I don't think the objection here, on the part of DB, is to the perfectly reasonable demands made by the Profesor, but instead to the manner in which he sought them - insinuating an ill-intentioned cabal of Jewish organizations, seeing a boogeyman conglomerate where there is none. He comes perilously close to employing stock anti-semitic talking points, that all Jews are in alliance with each other, pursuing a sinister agenda.
12.6.2006 12:18pm
The point is, that if a state-run University shuts down for the religious holy days of one religion it should shut down for the religious holy days of all others (or at least all others with practicing students on campus).

I think a rule that "we'll shut down for the holy days of any religion practiced by a substantial number of students" is completely neutral. The rule you propose would be overkill and create a heckler's veto.

Certainly, the school's policy should make clear that you won't be penalized for missing class due to religious reasons, even if you're the only practitioner of that particular religion on campus. But saying that the entire school should be able to take off the religious holidays of that single person goes too far.
12.6.2006 12:29pm
DavidBernstein (mail):
It strikes me as pretty obvious that if the government decides that all non-statutory religious holidays must result in canceled classes, or none, that the result will be none. I acknowledge that one can advocate for this position without being hostile to anyone, but I can also see how one can see at least the possibility that someone who files a grievance, then an appeal of some sort, and then a lawsuit to effectuate this policy, and threatens to meanwhile defy the policy while canceling classes specifically on Muslim (but apparently not Christian, Hindu, etc.) holidays, may just have some hostility to the Jewish community.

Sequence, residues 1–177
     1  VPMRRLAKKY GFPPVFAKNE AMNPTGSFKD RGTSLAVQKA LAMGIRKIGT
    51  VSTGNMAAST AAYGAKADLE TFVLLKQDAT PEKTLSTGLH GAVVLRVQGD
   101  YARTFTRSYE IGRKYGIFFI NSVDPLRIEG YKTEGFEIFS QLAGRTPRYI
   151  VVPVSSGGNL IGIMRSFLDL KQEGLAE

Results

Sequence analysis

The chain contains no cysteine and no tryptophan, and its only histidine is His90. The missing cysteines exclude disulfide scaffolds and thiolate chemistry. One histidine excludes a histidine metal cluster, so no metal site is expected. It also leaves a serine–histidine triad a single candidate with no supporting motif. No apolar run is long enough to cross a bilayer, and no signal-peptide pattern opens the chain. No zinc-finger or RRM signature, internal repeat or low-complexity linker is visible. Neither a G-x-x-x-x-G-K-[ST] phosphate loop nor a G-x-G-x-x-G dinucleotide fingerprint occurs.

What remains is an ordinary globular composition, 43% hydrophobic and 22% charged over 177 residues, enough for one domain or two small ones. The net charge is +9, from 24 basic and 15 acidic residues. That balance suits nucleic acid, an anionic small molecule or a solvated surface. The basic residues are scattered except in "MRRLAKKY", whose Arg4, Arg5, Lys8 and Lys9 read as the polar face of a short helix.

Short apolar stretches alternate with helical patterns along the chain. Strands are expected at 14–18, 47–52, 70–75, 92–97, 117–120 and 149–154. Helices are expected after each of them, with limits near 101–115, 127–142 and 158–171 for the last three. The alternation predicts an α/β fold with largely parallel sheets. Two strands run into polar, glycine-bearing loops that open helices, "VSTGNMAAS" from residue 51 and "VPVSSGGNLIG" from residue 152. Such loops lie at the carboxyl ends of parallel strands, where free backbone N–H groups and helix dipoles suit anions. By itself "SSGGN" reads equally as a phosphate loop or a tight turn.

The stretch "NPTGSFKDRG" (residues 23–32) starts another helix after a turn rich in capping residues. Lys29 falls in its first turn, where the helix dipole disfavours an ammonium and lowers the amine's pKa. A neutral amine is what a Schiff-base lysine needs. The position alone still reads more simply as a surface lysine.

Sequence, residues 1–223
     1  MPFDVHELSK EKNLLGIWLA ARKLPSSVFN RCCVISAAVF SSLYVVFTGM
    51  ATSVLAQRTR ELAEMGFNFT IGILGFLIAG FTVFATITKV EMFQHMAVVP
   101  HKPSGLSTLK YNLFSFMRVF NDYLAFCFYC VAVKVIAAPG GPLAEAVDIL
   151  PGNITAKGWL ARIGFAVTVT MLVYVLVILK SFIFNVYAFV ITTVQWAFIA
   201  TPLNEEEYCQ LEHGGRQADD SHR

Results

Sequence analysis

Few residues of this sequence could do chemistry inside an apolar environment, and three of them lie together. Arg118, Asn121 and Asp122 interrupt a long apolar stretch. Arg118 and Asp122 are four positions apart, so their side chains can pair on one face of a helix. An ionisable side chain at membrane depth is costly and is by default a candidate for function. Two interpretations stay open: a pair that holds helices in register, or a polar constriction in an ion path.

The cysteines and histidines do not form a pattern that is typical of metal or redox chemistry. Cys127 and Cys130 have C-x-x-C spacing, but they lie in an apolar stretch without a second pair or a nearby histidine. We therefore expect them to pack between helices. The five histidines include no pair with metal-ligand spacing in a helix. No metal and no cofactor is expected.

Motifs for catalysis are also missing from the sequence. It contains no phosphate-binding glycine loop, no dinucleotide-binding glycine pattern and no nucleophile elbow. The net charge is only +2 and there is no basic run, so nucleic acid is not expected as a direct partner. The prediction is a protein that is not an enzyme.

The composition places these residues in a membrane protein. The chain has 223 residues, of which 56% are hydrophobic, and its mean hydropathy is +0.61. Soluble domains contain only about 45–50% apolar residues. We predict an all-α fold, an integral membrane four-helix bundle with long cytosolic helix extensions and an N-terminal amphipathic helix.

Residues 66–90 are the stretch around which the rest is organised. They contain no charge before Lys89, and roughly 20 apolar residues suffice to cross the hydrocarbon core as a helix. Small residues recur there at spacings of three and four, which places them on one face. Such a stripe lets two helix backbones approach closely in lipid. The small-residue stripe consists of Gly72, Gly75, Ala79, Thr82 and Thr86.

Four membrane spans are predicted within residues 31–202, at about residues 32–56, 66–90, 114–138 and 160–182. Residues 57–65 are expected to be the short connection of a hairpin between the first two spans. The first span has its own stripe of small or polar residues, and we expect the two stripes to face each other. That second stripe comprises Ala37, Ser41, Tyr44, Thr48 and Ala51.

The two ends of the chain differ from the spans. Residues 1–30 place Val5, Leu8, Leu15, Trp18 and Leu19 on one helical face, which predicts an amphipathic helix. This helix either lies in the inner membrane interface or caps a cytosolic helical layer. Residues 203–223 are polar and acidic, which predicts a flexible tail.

12.6.2006 12:43pm
David Chesler (mail) (www):
Better to get unstuck from this tar baby and revert to the old policy which respects all religions while deferring to none.

When was that policy in effect?

I'd applaud such a policy. I hope that just like the Boy Scouts of America, the Put the X Back in Xmas folks get what they are requesting.
12.6.2006 12:44pm
Jay Myers:
David Bernstein:

I can't imagine how anyone could ever interpret any remarks made by the plaintiff as insinuating that Jews control York University.

In one of the stories you linked to they had this quote:

"This… was all engineered by the Israel lobby," Noble told a campus newspaper. "They got York University to defame one of its own professors."

He's saying 'the Israel lobby' (in reality a Jewish collegiate foundation) engineered the university's actions and got the university to do the Jewish organization's bidding by defaming one of their own professors. So on one hand we have Jews and on the other hand we have a statement that those Jews make the university do whatever they want it to do. Are you sure that you can't imagine how that could possibly be construed as saying that Jews control the university?

What I find to be the most salient points are these.

"Students of any faith can be exempt from classes on their holidays without penalty if they speak with their professors in advance."

"About 10% of York's 50,000-member student body is Jewish."

Christians already have their religious holidays off so we are only talking about whether non-Christian gentiles are being harmed by being able to have excused absences but still having to miss classes on their holy days.